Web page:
I’ve a sneaky suspicion that this hiccup with the tethering is going to be down to me turning off my camera from time to time during the shoot so that’s something I’m going to have to look into.

At the end of the shoot the folder of images containing all the RAW files that did make it into Lightroom were then copied over onto my LaCie Rugged External Hard Drive which, once home, was then plugged into the iMac and imported into Lightroom. The images that were captured onto the camera’s memory cards were also imported into the same folder using Photo Mechanic which totally ROCKS! Seriously if you haven’t tried it out I urge you to give it a spin; you’ll be amazed how quick you can view and import images off your memory cards!

Post Production in Photoshop

In a word ‘minimal’ …

  • Remove unwanted dust spots, hair etc…
  • Brighten & Sharpen Eyes
  • Add Contrast to Skin
  • Soften Skin
  • Adjust Colour / Tone using a Colour Balance Adjustment Layer
  • Add ‘Cookie Lighting’

Next week I’m going to be adding a couple of posts covering some of the editing techniques I use in Photoshop and that I’ve mentioned recently such as ‘Cookie Lighting’ in the list above and also the technique for adding high contrast using, of all things, the Unsharp Mask Filter that I briefly touched on in the Ice Hockey Shoot.

Before I forget, BIG thanks to Andreea Gli Gioia for doing a great impression of the Invisible Man during this shoot and taking some great BTS (Behind the Scenes) photographs that I’ve been able to make use of rather than subject you once again to my questionable drawing skills:)

Also, thanks to Ian Baker, Chanel’s Partner, Bodyguard, Number 1 Fan and all round Good Guy for helping out with lifting and shifting some of the kit and also for trusting me not to do anything inappropriate with the lighting test shots that he stood in for…ooopps:)

Right, that’s all for now so have a great weekend and I’ll catch up with you soon.
Enjoy:)

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  • March 11, 2011 - 10:41 pm

    Noel Hannan - Excellent shots, full of drama, style and presence! Thanks for sharing. Just great,

    All the best
    Noel

  • March 11, 2011 - 10:55 pm

    Glyn - Thanks for that Noel :)

  • March 12, 2011 - 3:16 am

    Matthias Spadin - Very nice look and feel for these images. Really look forward to see more about your editing techniques. I like this style…

  • March 12, 2011 - 9:11 am

    Ian Baker - Glyn yet again a wonderful blog really had a great day your talent always amazes I must agree that the client photographer relationship is so important you always make sure that we are happy with every aspect of things even the coffee lol thanks again mate truly great shots even the one of me ahhhhhhhhhh 

  • March 12, 2011 - 5:47 pm

    David Kelly - Hi Glyn,

    Thanks for another insightful posting.

    As you say building up the relationship with a client outside the photoshoot is an important aspect that is probably either overlooked or not possible for many other togs, but it pays dividends in getting more for the client in front of the camera.

    Loving the headset above of Chanel – great catchlight in the eyes.

    Regards,

    David

  • March 13, 2011 - 10:51 am

    DaveT - Hi Glyn,

    I think the BHS pullback shots are a great addition.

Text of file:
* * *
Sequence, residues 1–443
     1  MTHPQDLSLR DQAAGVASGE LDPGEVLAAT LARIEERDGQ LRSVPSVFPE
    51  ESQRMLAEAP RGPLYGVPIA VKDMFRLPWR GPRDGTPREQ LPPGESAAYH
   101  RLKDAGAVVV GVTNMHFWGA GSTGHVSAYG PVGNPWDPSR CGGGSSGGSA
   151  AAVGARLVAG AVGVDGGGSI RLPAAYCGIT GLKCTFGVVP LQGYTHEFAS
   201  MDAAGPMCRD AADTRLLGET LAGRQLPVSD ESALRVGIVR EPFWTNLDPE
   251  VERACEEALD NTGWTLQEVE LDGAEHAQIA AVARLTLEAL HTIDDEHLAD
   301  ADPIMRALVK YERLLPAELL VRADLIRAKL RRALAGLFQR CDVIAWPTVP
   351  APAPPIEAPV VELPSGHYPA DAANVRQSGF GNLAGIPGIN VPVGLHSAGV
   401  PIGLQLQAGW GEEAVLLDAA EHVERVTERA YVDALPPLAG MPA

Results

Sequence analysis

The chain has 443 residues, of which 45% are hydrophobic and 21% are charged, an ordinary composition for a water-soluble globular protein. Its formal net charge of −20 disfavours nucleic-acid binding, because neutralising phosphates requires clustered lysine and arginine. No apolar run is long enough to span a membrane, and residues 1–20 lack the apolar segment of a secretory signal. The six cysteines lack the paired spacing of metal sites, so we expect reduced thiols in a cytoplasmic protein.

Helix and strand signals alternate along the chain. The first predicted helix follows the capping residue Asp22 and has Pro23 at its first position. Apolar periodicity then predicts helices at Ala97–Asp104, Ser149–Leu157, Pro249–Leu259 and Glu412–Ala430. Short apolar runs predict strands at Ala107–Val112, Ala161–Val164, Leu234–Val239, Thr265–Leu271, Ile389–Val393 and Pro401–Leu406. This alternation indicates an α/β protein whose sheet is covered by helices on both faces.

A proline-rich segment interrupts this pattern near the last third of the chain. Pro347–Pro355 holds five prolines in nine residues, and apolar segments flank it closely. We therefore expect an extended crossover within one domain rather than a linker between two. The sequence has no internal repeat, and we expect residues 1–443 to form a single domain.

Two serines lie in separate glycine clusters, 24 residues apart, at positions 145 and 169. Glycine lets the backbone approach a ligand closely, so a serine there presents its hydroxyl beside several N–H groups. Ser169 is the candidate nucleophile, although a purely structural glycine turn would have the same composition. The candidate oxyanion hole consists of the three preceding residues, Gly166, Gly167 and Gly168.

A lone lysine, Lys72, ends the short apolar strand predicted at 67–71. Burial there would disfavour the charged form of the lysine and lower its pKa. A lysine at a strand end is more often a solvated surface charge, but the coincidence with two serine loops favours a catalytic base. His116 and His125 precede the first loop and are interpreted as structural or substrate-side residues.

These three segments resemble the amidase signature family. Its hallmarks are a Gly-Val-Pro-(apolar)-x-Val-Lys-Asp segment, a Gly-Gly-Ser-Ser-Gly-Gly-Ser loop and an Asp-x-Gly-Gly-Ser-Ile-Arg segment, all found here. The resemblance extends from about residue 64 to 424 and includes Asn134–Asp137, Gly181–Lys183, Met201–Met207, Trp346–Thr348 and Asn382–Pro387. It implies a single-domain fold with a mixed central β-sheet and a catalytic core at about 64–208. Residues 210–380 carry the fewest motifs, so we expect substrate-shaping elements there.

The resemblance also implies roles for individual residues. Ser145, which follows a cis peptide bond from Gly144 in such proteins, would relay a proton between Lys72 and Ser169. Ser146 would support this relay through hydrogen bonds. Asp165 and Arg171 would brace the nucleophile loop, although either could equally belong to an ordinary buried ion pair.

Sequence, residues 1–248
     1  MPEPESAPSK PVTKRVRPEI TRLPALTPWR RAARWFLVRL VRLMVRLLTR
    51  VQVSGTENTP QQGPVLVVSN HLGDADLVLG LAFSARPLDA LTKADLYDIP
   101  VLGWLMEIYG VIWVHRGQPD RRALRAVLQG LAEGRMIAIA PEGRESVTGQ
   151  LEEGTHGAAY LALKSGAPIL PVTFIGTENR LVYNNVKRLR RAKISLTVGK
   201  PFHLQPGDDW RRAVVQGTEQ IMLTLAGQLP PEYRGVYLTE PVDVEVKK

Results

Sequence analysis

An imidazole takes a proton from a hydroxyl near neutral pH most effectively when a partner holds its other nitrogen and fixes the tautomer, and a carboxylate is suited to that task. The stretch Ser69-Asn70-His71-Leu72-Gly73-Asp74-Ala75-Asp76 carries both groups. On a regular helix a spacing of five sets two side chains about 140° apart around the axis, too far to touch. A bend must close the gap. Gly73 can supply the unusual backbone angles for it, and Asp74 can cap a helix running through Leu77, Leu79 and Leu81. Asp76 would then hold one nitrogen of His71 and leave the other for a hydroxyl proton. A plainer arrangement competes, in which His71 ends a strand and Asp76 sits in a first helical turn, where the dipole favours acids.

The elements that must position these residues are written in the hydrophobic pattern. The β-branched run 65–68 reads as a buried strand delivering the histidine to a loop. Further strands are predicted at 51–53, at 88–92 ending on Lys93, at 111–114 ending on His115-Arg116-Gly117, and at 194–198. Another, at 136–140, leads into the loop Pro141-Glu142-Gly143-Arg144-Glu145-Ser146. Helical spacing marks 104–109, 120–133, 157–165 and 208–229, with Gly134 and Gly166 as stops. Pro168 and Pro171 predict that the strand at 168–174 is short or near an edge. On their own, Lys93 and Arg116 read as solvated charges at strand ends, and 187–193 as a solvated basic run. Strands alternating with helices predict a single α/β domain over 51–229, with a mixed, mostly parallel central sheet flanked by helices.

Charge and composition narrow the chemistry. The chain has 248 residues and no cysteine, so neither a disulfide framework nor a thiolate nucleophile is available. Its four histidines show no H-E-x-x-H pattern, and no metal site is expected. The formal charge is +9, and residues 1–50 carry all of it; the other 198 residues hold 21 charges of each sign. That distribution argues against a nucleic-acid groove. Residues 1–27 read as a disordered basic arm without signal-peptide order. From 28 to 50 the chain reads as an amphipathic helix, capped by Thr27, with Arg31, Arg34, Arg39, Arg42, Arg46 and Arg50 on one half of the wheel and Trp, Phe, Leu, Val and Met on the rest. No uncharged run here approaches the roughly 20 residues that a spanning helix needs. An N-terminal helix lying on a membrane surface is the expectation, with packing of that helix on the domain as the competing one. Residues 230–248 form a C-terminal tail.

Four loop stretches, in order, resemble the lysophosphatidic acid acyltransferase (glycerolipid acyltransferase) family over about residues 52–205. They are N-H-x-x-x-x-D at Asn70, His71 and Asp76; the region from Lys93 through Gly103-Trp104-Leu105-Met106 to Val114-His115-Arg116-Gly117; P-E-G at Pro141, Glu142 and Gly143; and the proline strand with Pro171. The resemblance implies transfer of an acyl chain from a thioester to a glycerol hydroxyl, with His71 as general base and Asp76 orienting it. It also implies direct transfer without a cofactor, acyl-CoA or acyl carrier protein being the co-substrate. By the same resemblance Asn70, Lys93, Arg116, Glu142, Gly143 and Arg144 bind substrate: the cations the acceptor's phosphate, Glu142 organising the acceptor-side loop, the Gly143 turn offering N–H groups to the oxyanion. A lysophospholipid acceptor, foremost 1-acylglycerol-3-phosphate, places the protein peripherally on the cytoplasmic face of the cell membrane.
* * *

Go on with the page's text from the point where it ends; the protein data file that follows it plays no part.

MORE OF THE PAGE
I agree the relationship thing is essential; having a clear idea of what is going to happen in the shoot really helps both the photographer and client, and the pre meet is going to tell you whether you are going to be able to work with the client or not.

    Glyn- a suggestion for you. People (myself included) have asked about various techniques you have used in this excellent blog, and you have kindly supplied links to past posts or You Tube tutorials that you have created. Could you perhaps put up a consolidated index of the various techniques along with the list the links to the explanatory post/video.

    Example:
    Adjust Colour/Tone using a Colour Balance Adjustment Layer – Link
    Soften Skin – Link

    If this was included on the links at the top of the blog, readers could quickly find the technique they needed additional information on.

    Thanks for another great post.

    Dave

  • March 13, 2011 - 4:24 pm

    Rick Wenner - Great work here Glyn. As I’ve said before, Chanel is indeed quite awesome…just didn’t think she’d actually have a shirt as additional proof. All joking aside, very nice images and I’m looking forward to seeing more. All the best to ya!

  • March 13, 2011 - 10:05 pm

    Glyn - @Matthias…Thanks so much for that mate and I’ll be posting some editing techniques on the blog this week.
    All the best to you,
    Glyn

  • March 13, 2011 - 10:06 pm

    Glyn - @Ian…Thanks for stopping by and commenting mate. It was an absolute pleasure working both Chanel & yourself on more Promo material, as is always the case. Here’s to the future!
    Cheers,
    Glyn

    ps> I see the piccie of you has certainly gotten some interest on Facebook :)

  • March 13, 2011 - 10:07 pm

    Glyn - @David…Such an important part of the shoot mate; not only helps the client to relax but me too which is always a good thing; well that a VR lenses…lol :)

    Thanks for the kind words,
    Speak soon,
    Glyn

  • March 13, 2011 - 10:08 pm

    Glyn - @DaveT…Thanks for stopping by mate and yeah I’m liking your suggestion re the links to editing techniques. I’ll have a think about how best to do it.

    Cheers,
    Glyn

  • March 13, 2011 - 10:11 pm

    Glyn - @Rick…Cheers Buddy, that’s real nice of you to say.
    Hope all is well with you,
    Speak soon,
    Glyn